Whereas last year, EFIB was still under the aegis of high hopes on this new phenomenon, the biobased economy, this year in Brussels the main sentiment was ‘this is the time for Europe, otherwise others will take the lead’. There were good reasons for those ideas. And there were solutions.
Early October at the most important European forum for industrial biotechnology, many companies were very worried. They were worried about genetically modified organisms that are actively discouraged by Europe; which does not prevent researchers and industries to deploy them at a large scale, even in Europe. They have to use this technology because they have many other subjects to be worried about. Like: the (very) high energy prices in Europe as compared to the United States, an all but uniform (rather totally fragmented) licensing policy in the field of the construction of new biotechnological installations, a lack of investment capital (again in comparison to the United States), and finally the lack of understanding by the European population of the urgent need for this industrial, economic and social revolution.
Some would despair, confronted with these odds, and yet there was a positive mood at EFIB. Surely, companies that work with genetically modified organisms have major problems, at least in Agro/Food – the European Commission discussed for hours about this subject in a parallel session without coming to conclusions – but at EFIB, participants kept their heads cool. Chemical and pharmaceutical industries just use these technologies, and as long as the modified organisms do not end up in the environment, nobody really worries. Bu that is an oversimplification. BASF recently shut down an entire European unit that researched genetically modified potatoes – the first European licence in green biotech – with a very high protein content (the subject of research at AVEBE as well, before they succeeded to produce these potatoes along another pathway). At this occasion, Europe meowed that ‘it is essential that we do let such brilliant research minds go just like that’. ‘Crying over spilt milk,’ according to me.
But at EFIB, the mood was positive, in spite of these problems. For the biotechnological sector does represent a turnover of at least € 200 billion in Europe by 2020, leading to one million new jobs between 2010 and 2030, in particular in agriculture and related SMEs. A sector that will reduce European imports, and that will result in a reduction of greenhouse gas emissions of at least 50% compared to fossil products. Results that quite merit some involvement.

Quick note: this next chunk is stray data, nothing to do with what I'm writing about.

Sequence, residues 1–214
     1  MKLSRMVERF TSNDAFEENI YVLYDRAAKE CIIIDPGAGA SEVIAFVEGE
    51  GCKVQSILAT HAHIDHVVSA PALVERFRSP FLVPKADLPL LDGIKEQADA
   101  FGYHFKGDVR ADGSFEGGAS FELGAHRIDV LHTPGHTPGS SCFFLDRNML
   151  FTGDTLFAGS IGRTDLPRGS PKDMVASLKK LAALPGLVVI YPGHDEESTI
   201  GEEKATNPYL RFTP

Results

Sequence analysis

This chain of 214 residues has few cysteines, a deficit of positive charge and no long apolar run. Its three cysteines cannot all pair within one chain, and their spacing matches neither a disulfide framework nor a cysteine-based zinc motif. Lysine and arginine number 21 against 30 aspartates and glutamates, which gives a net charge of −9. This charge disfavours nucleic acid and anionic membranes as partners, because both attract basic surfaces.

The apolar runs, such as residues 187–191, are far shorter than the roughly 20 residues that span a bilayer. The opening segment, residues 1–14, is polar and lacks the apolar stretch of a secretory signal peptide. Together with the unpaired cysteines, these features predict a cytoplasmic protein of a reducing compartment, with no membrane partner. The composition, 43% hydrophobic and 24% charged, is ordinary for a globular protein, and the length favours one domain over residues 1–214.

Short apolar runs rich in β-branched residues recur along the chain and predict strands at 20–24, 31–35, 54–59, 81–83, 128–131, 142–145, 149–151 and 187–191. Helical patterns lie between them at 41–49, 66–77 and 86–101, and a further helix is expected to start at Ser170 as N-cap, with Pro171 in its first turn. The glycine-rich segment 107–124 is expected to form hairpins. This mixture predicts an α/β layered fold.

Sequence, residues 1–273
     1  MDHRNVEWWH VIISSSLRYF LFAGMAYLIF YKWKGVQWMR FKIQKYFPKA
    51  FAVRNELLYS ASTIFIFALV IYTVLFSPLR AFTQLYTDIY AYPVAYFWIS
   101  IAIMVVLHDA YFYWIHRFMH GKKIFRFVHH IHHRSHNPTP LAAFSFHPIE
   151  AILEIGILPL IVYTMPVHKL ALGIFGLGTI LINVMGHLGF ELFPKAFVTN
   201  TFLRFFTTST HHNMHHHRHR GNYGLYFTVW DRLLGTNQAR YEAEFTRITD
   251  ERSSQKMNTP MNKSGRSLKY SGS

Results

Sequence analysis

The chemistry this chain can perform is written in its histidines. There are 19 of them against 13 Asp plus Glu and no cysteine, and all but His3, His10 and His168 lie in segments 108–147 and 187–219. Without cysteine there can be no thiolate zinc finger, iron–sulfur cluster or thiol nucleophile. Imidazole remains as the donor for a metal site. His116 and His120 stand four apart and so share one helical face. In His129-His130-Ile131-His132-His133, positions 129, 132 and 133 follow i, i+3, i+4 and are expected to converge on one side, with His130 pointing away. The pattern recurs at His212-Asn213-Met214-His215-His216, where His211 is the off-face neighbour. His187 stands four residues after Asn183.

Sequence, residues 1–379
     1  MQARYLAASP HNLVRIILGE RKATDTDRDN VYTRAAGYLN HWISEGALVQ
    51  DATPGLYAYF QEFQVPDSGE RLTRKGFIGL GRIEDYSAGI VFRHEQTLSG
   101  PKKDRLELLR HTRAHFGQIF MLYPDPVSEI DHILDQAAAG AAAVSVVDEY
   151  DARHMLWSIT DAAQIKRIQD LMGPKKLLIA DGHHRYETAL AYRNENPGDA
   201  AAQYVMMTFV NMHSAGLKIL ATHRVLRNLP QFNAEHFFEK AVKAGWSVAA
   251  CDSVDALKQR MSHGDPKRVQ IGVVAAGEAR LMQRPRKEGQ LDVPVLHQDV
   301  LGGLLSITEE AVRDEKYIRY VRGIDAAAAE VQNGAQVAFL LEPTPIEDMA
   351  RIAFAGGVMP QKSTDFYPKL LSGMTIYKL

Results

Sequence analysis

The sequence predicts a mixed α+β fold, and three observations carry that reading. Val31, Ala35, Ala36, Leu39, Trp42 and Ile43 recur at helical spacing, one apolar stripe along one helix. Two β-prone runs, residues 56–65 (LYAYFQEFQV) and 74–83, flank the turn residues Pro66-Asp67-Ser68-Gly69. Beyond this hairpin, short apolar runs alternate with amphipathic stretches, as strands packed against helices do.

Impossible, just two years ago
Europe makes its contribution, devoting one billion Euros to BRIDGE, and industry adds three times as much to that. Even more interesting is that Europe, according to Antonio di Giulio of DG Research & Innovation, will try to establish a uniform regulatory framework, and that industry itself will organise the distribution of the funds for the demand-driven research. For that goal, it has erected a consortium now comprising 50 companies and an equal number of research institutes (headed by Marcel Wubbolts, DSM’s CTO). That is a breakthrough in cooperation, both from the side of the Commission and from that of industry. European unity at last. Just two years ago, this would have been impossible. BRIDGE will be discussed in the European Parliament by the end of 2013, and it will start immediately afterwards, followed by the consortium.
The US has better energy prices because of their shale gas, and a better capital supply in their aggressive capital market. But even so, in Europe too, companies can secure funds that will help them overcome the valley of death. This was shown by both BioAmber (although it will construct a commercial plant in Canada) and Avantium (that will possibly invest in the US). But the willingness of capital suppliers to invest in both companies was remarkable, to say the least. And take Frédéric van Gransberghe’s story, the CEO of Galactic. He even holds very positive views on Europe. Together with its partner Total, Galactic produces lactic acid (LA) and polylactic acid (PLA) in their joint venture Futero. The company has even succeeded in producing its plastic in one step from sugar by fermentation (like polyhydroxyalkanoates (PHAs)). This is completely new. Van Gransberghe saw many advantages in Europe. It is ‘the right location’ because it is close to the market, because it has a large supply of biomass (first generation), produced with high yields, and because production of biomass for chemicals and materials requires little land. ‘Energy is still a problem,’ he conceded, ‘but we are developing cheaper options.’ And Lars Hansen, President Novozymes Europe, said: ‘Talking about Europe, my CEO was never interested. Now I have his attention, but I want his excitement.’
A good cause
The man who voiced best this mood during the closing session was Stephen Tanda, board member of DSM. ‘What we need is clarity,’ he said, ‘both from Europe’ – stable regulation for the next ten years, according to someone else – ‘and clarity in our own attitude towards our customers. They do not understand us, even though Europe is the most sustainable continent. Therefore, we will have to be clearer. But we have a good cause, we will have to move from fossil to green. That is the most important for our planet.’ And, finally: ‘We will have to move on, the place gets warmer.’